On their State Hospital EP, Scottish folk-poppers Frightened Rabbit make their major label debut on Atlantic after having enjoyed plenty of indie success from their releases on Fat Cat, 2008’s The Midnight Organ Fight and The Winter Of Mixed Drinks in 2010. Now, the Glasgow quintet has released a handful of outtakes from their forthcoming LP, offering a taste of what’s to come.
 
The title track paints a delicate portrait of a woman’s breakdown, frontman Scott Hutchison’s voice backed by stark, minimalist production punctuated by crisp percussion. At the end, it builds and swells, Hutchison repeating, “All is not lost.” It’s the kind of statement that’s difficult to have confidence in, and he delivers it that way, as if he’s also looking inward—and that’s what he excels at.
 

 
“Boxing Night” nails that particular point of melancholy that comes from juxtaposing one’s own sadness with a time when everyone else is happy. “Good Glasgow could burn to its timbers tonight, I’d barely blink an eye,” Hutchison declares, while lush vocal harmonies serve as reminder that he is not alone. This is, after all, a band that broke out with a breakup album. If anyone can keep coming up with different ways to describe sadness and not have it get old, it’s Hutchison and company. There’s all the tenderness that previously charmed on tracks like The Midnight Organ Fight’s “The Twist,” but the years have allowed different heartaches to build up.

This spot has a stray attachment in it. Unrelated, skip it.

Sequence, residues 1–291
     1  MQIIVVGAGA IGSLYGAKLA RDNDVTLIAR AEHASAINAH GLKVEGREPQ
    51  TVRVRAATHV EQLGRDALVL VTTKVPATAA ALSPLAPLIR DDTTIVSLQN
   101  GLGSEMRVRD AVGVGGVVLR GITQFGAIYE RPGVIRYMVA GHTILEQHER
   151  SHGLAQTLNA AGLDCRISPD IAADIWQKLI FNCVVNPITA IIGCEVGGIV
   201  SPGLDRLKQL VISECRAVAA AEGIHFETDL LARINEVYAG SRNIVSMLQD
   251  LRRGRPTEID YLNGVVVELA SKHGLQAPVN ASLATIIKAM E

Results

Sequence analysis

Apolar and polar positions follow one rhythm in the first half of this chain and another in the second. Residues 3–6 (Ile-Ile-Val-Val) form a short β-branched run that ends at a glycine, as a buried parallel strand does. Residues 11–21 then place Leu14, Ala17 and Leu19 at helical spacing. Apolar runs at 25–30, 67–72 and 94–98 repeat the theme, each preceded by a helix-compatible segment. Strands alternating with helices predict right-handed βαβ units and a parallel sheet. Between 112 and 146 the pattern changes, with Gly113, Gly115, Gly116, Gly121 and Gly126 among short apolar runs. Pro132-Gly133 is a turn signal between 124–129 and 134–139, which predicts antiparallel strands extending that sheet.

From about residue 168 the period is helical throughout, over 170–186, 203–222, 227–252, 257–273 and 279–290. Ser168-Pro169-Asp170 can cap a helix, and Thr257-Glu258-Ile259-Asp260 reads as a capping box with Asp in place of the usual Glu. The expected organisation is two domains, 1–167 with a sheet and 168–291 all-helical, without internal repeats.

Frightened Rabbit is fundamentally anchored by Hutchison as the heartbroken raconteur—drunk, morbid, alone—and he excels at it. Whatever his real personality may be like, his songwriting persona is the band’s selling point. Across the EP, the instrumentation feels pared down from what was heard on The Winter Of Mixed Drinks, keeping Hutchison front and center. At the end of State Hospital, however, he lets someone else shine, as “Wedding Gloves” sees the band collaborating with Aidan Moffat. The Arab Strap member contributes haunting verses on what might be Frightened Rabbit’s most adventurous song, a pulsing sprawl.
 
Established indie artists going to major labels can strike fear into the hearts of fans, but Frightened Rabbit lovers should rest easy—there’s nothing to worry about here. The production sounds more expensive, but all the passion and intimacy of their previous work remains.